It was at this meeting that it was decided to generally limit the locations to “Approximately Highway 10 (now Interstate 90) on the south, the Cascades on the east, Highway 2 on the north, and Puget Sound on the west.”
That this search work was seriously and fervently pursued is clearly attested to by the fact that at the November 11, 1955, meeting several lakefront sites were reported within the general area of definition given above, but there was not consensus on any of them.
Several public meetings (we’d call them focus groups now) were held to get input from the larger area membership of the denomination. They, too, failed to bring strong feeling of clear direction. All of this occurred within a period of less than four months!
Then another site came on the horizon that pushed the group to extend their search boundaries further northward. A realtor reported a piece of property near the community of Warm Beach, just four miles south of Stanwood. Few of the group knew where this was. The smaller search group looked over the property. Another realtor, looking over the property with the group, said, “This is one of the few significant view acreages left on northern Puget Sound!”
Still wanting to be sure they had the solid support of the larger church constituency, the committee called another public meeting of membership up and down the Puget Sound corridor. There the various property options, including the newly discovered “Warm Beach Property,” were presented to the assembled group. After discussion, a “straw vote” was taken to give the Relocation Committee direction.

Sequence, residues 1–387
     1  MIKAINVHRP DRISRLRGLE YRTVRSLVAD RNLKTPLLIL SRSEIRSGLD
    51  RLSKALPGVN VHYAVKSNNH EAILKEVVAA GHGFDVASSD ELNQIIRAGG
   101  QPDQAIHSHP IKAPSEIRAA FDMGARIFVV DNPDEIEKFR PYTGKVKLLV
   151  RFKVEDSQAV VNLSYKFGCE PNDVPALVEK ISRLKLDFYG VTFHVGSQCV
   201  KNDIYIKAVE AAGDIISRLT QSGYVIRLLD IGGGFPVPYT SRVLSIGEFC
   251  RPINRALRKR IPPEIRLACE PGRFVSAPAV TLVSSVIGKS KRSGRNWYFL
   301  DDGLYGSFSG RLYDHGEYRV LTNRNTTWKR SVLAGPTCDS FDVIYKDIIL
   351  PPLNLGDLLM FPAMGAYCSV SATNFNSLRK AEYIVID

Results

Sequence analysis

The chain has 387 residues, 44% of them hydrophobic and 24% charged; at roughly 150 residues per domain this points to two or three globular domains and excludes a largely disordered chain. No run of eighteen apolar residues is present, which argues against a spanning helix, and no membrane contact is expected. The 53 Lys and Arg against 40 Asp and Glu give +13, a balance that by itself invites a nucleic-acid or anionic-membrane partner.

There was little doubt of the feelings of group: 90% voted that the Committee pursue the Warm Beach property, with just 10% of the votes scattered among the other sites. The date of this meeting was January 7, 1956.
With the solid direction from the public meeting, the entire Relocation Committee, plus a number of additional invited people, were called to visit the site on January 11, just four days later. Nearly 40 people responded and were present. I was a young pastor who was included in the invitation.
You should have seen the group. Most of the pastors were in shirt, tie and suit. Don’t laugh – it was the uniform of the times. In spite of our dress clothes, we tramped over the property, clamored down over the nearly 200-foot bank to the beach area, and walked back around to the north where the stables and W-Bar-B Camp are now. There we encountered mud that messed up a lot of dress shoes and pulled off one of the ladies’ dress boots! I know, because it was my wife, Muriel, who filled her boots with mud!
Never mind nylons muddied and boots full of mud, from there we hiked up the hill about where the W-Bar-B Road is now and back onto the wonderful flat ground that is now the Conference Center area.
In spite of our clothes getting a bit messy, the entire group was excited with the possibilities of this property. We clearly felt that this could be God’s opportunity for the church to create a great place of ministry and blessing.
After the “inspection tour,” the Relocation Committee retired to the B & M Restaurant in Marysville for a formal business meeting. There, with a strong majority vote, the Relocation Committee took action to purchase the “Warm Beach Property,” subject to reviewing the technical issues of boundaries, etc.
In just 167 days from the day the Relocation Committee was authorized to act, it did act, and we had a new Christian Camp Center property in our possession – and in some of those early days we probably thought “on our hands!”
Where was this going to take us? Who would we serve? How would we develop it? Where was the money going to come from? What did God want of us in this new venture?
All of these were questions that would be wrestled with, and about which we will write in upcoming installments.